– Where from?
– From wherever it is anticipated the contract will be let. The value of the contract will exceed £200,000. To givean idea of what is entailed, it is mentioned that if only one press were employed, and a sleeper turned out every two and a half minutes, working three shifts a day for six days a week, it would take 111 weeks to manufacture the 352,000 sleepers required. It is evident, therefore, that more than one press will be required, in addition to which special arrangements will have to be made, which no small tenderer could face. Tenders were called only in Australia, but it was specified that either Australian or British tenders would be accepted - no other country than Britain was included. There will, therefore, be no foreign contractor competing with Australia, as stated by the honorable member, and the shipments specified were definitely arranged so as to reduce the cost to the Australian manufacturer as well as the British. The tariff on British sleepers is 48s. a ton, plus 25 per cent. ; on those from other countries, 90s., plus 35 per cent. Tenders were invited on20th January, 1926, and are due to close on 16th March, 1926. Dealing with the honorable member’s requests seriatim, the replies are -
Reply. - The delivery of sleepers is not specified in three shipments, but by four specified dates. Deliveries at Darwin in lesser quantities would unduly add to their cost, and the specified deliveries are as- much to the advantage of the’ Australian manufacturer (who is sufficiently big to carry out this contract), as to the British manufacturer, with whom only the Australian manufacturer is competing.
Reply. - The contract provides that progress payments shall be made on the delivery of each shipment, but there is nothing to prevent any one when tendering making it a condition th at advance payments for portion of the value of the sleepers shall be made as they are manufactured. Such a request would be considered in dealing with the tenders.
Reply. -I have reason to believe that more than one Australian contractor will tender under the conditions as laid downby the department.
Reply. - So far as the conditions underwhich the contract is to be complied . with are concerned, both Australian and British manufacturers are on the same footing.
– By way of personal explanation, I desire to call attention to an error in the Votes and Proceedings of yesterday. They show that I was absent from the sitting, and as I have a very lively recollection of having been present I desire the libel to be corrected.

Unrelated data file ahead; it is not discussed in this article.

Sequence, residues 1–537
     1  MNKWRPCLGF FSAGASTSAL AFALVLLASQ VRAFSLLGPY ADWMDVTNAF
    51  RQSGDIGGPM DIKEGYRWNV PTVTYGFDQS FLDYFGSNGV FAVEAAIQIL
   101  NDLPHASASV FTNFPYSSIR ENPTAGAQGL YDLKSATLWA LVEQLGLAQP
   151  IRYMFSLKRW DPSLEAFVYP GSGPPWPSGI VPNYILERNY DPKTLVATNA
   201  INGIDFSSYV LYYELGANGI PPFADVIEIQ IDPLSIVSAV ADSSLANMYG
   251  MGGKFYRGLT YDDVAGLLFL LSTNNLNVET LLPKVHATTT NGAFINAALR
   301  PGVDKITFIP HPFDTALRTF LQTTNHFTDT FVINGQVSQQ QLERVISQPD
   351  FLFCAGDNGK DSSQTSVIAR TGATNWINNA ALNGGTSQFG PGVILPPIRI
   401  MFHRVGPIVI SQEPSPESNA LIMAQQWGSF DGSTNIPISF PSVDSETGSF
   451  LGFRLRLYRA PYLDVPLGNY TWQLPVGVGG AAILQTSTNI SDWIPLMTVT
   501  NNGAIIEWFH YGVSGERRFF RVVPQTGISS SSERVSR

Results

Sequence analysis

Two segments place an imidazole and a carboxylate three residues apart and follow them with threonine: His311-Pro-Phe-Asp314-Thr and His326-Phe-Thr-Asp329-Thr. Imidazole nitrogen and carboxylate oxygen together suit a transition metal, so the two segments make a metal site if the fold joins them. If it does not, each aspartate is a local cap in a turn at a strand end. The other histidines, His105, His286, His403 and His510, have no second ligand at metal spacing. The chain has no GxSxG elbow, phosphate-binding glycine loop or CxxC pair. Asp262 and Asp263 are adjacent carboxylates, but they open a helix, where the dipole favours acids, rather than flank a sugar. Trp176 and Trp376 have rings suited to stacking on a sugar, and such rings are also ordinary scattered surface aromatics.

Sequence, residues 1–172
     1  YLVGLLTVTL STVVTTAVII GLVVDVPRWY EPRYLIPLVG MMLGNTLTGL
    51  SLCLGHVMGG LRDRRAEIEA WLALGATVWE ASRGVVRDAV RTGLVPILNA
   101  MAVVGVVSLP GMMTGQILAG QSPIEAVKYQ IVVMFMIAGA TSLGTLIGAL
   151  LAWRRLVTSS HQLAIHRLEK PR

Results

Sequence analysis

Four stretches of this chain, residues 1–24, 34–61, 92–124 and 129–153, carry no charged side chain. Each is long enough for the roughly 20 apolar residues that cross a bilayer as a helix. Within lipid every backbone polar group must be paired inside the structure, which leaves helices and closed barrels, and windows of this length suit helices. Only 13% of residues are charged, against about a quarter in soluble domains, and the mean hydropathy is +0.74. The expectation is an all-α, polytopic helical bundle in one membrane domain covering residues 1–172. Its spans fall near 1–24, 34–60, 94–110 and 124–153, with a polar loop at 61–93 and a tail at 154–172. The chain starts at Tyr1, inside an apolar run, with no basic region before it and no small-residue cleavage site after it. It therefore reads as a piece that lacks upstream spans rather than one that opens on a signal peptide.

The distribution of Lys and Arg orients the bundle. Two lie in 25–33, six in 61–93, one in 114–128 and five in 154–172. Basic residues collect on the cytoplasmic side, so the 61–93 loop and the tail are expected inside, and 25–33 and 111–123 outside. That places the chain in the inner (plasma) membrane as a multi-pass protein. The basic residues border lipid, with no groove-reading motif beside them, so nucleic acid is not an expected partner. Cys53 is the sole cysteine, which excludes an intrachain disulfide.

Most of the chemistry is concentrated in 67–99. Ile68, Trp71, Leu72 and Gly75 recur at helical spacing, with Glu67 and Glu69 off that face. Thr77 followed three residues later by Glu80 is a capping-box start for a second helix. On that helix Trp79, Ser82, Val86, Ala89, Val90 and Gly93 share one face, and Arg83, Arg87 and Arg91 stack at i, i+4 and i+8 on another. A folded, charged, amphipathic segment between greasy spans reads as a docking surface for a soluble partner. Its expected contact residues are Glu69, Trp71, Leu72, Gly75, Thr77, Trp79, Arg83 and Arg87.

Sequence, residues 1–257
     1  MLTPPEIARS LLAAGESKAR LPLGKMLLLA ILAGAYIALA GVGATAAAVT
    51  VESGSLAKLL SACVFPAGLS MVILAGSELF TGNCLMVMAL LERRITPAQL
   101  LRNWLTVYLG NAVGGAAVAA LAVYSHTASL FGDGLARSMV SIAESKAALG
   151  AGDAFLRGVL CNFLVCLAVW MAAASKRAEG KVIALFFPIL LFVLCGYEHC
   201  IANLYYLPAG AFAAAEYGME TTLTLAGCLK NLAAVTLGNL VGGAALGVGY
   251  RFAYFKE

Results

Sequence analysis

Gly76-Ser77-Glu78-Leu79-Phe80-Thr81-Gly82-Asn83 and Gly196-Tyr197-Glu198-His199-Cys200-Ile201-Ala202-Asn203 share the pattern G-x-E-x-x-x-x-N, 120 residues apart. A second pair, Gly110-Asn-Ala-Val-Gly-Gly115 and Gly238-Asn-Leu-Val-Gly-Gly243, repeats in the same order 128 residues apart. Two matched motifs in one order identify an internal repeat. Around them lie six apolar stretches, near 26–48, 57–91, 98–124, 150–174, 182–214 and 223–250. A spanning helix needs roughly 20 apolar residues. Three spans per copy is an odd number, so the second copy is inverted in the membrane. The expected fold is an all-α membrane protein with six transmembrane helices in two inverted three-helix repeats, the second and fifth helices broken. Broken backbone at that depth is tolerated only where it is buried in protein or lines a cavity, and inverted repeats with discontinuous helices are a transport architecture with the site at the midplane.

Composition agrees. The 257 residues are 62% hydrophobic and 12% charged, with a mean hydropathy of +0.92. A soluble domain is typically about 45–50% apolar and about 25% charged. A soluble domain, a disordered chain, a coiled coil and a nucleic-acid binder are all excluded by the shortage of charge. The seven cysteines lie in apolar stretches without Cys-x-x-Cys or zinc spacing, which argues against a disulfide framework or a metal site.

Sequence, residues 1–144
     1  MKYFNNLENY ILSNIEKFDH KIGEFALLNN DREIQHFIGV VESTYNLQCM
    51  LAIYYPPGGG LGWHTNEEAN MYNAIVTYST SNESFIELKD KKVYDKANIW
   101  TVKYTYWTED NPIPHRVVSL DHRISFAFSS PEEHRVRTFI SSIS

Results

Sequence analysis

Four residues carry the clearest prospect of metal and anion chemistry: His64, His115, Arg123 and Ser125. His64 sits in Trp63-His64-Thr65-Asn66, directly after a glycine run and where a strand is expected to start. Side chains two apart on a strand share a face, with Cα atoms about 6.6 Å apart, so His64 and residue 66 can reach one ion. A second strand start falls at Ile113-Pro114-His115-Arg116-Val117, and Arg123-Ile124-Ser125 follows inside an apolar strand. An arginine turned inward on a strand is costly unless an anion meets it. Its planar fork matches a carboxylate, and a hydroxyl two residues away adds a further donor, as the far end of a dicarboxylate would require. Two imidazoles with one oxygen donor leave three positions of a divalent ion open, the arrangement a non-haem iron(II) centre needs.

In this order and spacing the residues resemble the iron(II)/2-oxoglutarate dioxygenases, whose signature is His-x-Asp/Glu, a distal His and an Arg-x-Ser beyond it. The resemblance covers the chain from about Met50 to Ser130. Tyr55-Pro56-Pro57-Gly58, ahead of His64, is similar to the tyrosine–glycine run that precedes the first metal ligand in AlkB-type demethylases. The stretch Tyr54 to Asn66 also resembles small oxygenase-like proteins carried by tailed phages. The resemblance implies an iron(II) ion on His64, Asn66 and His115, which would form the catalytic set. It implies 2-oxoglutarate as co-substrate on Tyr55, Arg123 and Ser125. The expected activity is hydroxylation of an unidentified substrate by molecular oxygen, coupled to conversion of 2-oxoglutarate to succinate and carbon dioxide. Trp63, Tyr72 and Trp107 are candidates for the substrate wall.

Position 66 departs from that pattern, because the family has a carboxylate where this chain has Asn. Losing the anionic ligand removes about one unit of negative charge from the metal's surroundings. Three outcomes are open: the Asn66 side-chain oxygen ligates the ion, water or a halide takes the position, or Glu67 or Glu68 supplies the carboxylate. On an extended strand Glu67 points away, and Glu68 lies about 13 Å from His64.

– The correction has been already made in the revised issue.
In committee (Consideration resumed from 17th February, vide page 988) :
Clauses 2 and 3 agreed to.
Clause 4 -
Section 3 of the principal act is amended -
By adding at the end of the definition of “constable,” the words “and any peace officer appointed in pursuance of the Peace Officers Act 1925 “…
.- The definition of constable in the original Act is “ any member of the Police Force of the Commonwealth or of a State or of a Territory being part of the Commonwealth,” and this clause proposes to include “ any peace officer.” This gives the impression that the Commonwealth is to maintain two police forces. If the peace officers are to be continued, there is surely no need for a Commonwealth Police Force as well.
– The proposed amendment is necessary in order to confer upon the peace officers the ordinary powers of a constable. I am informed that no Commonwealth Police Force is now in existence, but in order that I may verify that information I ask that the clause be postponed.
Clauses 5 and 6 agreed to.
Clause 7 -
After section 8 of the principal act the following section is inserted : - “ 8a. Any constable . may, without warrant, arrest, any person, if the constable has reasonable ground to believe -
that the person has committed an offence against the law of the Commonwealth ; and
that proceedings against the person by summons would not be effective.”.
.- Postponed clause 4 defines a constable, and proposed new section 8a empowers “ any constable “ to arrest without warrant. Whilst it is necessary to give that power to a constable who, for instance, sees a person breaking into a building, the granting of the same authority in connexion with an industrial dispute is quite a different matter. I suggest to the Attorney-General that the proposed new section should be postponed until clause 4 has been dealt with.
– The two are not interdependent.
– Peace officers were appointed under the Peace Officers Act for a special purpose, which was, mainly, to deal with industrial disputes.
– That is not so.
– There is not the slightest doubt that they were appointed in connexion with the British seamen’s strike, which was an industrial dispute. If the Attorney-General will frankly say that the object of the clause is to give to a constable the right to arrest without warrant persons engaged in industrial disputes, we shall join issue with him right away. If he desires to limit the power of arrest without warrant to cases in which a policeman sees a person breaking into a shop, or committing some other obvious offence, we take no objection ; but we cannot agree to give a constable the right to arrest without warrant persons who, in our judgment, are not criminals, and have committed no offence except that they have done something which the powers that be regard as an offence.